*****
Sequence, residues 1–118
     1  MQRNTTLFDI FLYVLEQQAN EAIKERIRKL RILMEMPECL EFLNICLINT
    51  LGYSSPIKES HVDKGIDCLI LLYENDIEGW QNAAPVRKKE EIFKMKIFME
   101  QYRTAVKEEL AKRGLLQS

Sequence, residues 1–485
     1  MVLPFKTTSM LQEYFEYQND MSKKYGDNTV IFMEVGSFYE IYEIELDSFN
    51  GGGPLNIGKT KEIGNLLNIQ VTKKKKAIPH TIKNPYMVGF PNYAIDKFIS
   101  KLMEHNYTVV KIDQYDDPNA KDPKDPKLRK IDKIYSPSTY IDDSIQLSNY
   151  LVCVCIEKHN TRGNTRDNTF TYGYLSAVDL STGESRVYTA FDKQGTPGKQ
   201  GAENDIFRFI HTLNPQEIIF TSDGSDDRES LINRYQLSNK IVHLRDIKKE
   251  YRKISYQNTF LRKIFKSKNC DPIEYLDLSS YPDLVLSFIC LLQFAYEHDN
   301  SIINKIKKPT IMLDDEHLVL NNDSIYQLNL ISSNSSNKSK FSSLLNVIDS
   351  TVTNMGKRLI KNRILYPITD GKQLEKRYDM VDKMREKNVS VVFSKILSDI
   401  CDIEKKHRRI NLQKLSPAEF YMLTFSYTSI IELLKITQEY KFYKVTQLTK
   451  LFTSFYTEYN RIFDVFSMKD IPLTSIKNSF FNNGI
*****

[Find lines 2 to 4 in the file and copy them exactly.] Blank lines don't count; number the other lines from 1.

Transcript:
     1  MQRNTTLFDI FLYVLEQQAN EAIKERIRKL RILMEMPECL EFLNICLINT
    51  LGYSSPIKES HVDKGIDCLI LLYENDIEGW QNAAPVRKKE EIFKMKIFME
   101  QYRTAVKEEL AKRGLLQS